Hogg continues by citing early Charter cases in which the SCC gave little to no weight to original understandings. For example, in Dickson C.J.’s reasoning in Hunter v Southam (1984), the Charter was drafted “with an eye to the future” and, because it is not easily amended, “it must be capable of growth and development over time”.42 Originalists agree that many constitutional provisions are broadly worded for this very purpose. But allowing flexibility to address new situations is a different thing entirely from deliberately changing the constitution’s meaning in situations which the framers—and the enactors who voted for the carefully selected text—actually anticipated, as the SCC did in the Motor Vehicle Act Reference (1985).43
Originalism, the rule of law, and democratic governance
“As [originalism and non-originalism] are purged of their weaknesses,” Goldsworthy suggests, “they are moderated and eventually merge.”44 Goldsworthy argues that a sensible originalism fits the “living tree” metaphor because it permits adaptation, while also satisfying the requirements of the rule of law. That competing perspectives are strengthened through critique and refinement is easy to accept. Constitutional law scholarship in Canada could certainly benefit from the competing perspective of originalism. But are there real benefits to be gained in terms of the rule of law and democratic governance?
The American experience would appear to be a powerful rebuke to the argument that originalism can provide a check on and promote consistency and transparency in judicial review. Tushnet says of US jurisprudence, “Some version of a jurisprudence of original understanding remains an essential component of nearly all particular resolutions of interpretive controversies,” yet he nevertheless concludes there is no effective doctrinal constraint on the courts. Judges are in any case free to select an approach that achieves their desired outcome.45 Miller does not address this significant hurdle to originalism being of any real practical benefit. In closing, I attempt to do so.
Those who believe courts can and do “get it wrong” and that there ought to be a check on judicial power can find no recourse in American law—short of, perhaps, constitutional amendment.46 Canada, however, has a tradition of Parliamentary sovereignty that was (partially) preserved through the notwithstanding clause.47 This clause offers the possibility, lacking in the US, of an ongoing check on judicial power. However, the notwithstanding clause’s wording is such that it envisions an override of the Charter, not an avenue through which the legislature may offer an alternative Charter interpretation. Nevertheless, competing interpretive perspectives could be invoked by legislatures to lend legitimacy to the use of the notwithstanding clause.48 Another possibility, albeit ambitious, is to amend section 33 in a way that narrows its availability, but revives its legitimacy. This might be done by (1) limiting its use to direct legislative responses to judicial invalidation of legislation and (2) requiring reasons in a statutory preamble for why the drafters believe it is consistent with the Charter. This could create real inter-institutional dialogue, to borrow Hogg’s famous term, a dialogue which once again encompasses an important role for the legislative branch.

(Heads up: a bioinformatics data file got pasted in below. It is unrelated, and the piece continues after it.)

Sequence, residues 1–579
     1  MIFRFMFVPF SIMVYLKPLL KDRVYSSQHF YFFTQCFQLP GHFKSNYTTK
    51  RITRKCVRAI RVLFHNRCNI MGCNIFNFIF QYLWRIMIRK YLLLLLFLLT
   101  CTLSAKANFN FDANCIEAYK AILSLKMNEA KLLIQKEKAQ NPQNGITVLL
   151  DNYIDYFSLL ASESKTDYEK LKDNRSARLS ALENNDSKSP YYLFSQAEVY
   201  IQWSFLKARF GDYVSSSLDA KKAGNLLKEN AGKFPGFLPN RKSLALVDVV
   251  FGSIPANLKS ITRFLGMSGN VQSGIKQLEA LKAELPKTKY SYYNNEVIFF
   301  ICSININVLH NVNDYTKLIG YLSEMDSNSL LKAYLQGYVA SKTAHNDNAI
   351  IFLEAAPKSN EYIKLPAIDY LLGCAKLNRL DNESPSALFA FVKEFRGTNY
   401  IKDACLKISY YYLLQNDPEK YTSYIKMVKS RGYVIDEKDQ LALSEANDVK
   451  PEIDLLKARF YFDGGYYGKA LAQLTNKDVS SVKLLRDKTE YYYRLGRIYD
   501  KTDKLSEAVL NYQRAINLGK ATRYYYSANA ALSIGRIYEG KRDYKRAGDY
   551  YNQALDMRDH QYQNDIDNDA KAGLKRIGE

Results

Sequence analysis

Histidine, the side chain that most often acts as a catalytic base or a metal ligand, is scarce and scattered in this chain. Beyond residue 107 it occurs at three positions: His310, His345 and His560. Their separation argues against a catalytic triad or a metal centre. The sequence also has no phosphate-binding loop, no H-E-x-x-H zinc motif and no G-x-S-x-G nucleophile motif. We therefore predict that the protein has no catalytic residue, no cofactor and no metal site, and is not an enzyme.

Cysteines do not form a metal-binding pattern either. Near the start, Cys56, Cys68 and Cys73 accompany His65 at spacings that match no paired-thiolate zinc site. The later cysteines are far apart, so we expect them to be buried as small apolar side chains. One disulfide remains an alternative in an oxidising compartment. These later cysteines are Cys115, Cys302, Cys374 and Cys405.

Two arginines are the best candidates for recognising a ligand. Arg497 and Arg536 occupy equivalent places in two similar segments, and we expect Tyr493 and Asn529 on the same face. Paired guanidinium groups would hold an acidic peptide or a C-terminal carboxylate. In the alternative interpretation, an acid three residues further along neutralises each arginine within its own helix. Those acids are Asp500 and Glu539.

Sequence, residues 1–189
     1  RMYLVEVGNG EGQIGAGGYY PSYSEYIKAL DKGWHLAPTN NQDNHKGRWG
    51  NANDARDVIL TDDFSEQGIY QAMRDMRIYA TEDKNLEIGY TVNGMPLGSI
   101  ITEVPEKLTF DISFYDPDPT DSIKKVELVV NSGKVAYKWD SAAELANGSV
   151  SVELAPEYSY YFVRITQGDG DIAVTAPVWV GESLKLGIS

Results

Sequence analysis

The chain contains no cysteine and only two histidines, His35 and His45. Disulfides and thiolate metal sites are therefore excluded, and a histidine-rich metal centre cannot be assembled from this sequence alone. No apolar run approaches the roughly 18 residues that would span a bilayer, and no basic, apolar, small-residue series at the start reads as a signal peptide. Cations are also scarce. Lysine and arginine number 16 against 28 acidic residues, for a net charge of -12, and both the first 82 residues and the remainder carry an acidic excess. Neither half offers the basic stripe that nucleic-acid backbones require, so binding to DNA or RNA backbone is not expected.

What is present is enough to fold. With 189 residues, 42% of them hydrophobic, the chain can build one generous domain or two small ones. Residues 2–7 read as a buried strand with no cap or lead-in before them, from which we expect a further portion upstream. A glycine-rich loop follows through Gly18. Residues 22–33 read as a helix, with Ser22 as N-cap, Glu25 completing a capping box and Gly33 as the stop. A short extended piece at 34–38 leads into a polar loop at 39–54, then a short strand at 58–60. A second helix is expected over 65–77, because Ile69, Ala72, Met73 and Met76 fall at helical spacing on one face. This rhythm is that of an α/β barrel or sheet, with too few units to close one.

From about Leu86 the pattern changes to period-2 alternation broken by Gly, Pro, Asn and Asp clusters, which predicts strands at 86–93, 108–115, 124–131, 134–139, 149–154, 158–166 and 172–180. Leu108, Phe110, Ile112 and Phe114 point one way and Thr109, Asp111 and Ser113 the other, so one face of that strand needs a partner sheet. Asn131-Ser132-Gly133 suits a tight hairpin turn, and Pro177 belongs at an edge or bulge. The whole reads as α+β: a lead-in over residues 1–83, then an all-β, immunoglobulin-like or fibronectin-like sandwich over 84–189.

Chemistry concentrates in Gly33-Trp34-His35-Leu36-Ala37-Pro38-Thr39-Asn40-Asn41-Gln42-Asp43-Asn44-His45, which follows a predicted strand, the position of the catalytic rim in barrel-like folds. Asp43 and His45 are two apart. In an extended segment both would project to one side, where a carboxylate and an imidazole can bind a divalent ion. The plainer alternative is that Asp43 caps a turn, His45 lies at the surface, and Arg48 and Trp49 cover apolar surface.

1 Not that American courts are originalist in approach—see M Tushnet, “The United States: Eclecticism in the Service of Pragmatism”, in Interpreting Constitutions, J Goldsworthy, ed (Oxford: Oxford University Press, 2006) [Tushnet]. Australia is the best example of where originalism consistently governs constitutional judicial review according to J Goldsworthy, “Australia: Devotion to Legalism” in Interpreting Constitutions. However, Australia lacks a constitutional bill of rights, perhaps limiting its comparative value with Canada.
2 Canadian Charter of Rights and Freedoms, schedule B to the Canada Act 1982 (UK), 1982, c 11 [Charter].
Controversy has also arisen over how the SCC has interpreted provisions that are arguably quite precise, such as the “principles of fundamental justice” in section 7, which in prior jurisprudence and in the Canadian Bill of Rights referred to procedural protections only, which is why the drafters of the Charter chose the phrase.
4 C Manfredi, Judicial Power and the Charter, 2nd ed (Don Mills: Oxford University Press), at 25 [Manfredi].
5J Goldsworthy, “Constitutional Interpretation”, in The Oxford Handbook of Comparative Constitutional Law, M Rosenfeld and A Sajo, eds, (Oxford: Oxford University Press, 2012), 689 [Goldsworthy 2012]; see also Manfredi, ibid, at 50, for the point that judicial power not only derives from but must be limited by law, which requires subjecting its interpretations to scrutiny.
6 Constitution Act, 1982, Schedule B to the Canada Act 1982 (UK), 1982, c 11, ss 38-49.
7 S Choudry, “Migration in Comparative Constitutional Law,” in The Migration of Constitutional Ideas, S Choudry, ed (Cambridge University Press, 2006) 1.
8 Goldsworthy 2012, supra note 5, at 690-691.
9a) BW Miller, “Beguiled by Metaphors: The ‘Living Tree’ and Originalist Constitutional Interpretation in Canada,” (2009) 22:2 Can JL & Jur 331 [Miller, 2009]. Certainly, judges disagree on the extent to which the “living tree” should be allowed (or made) to grow in particular cases, but do not treat the provisions as having fixed meanings that place real limits on judicial interpretation.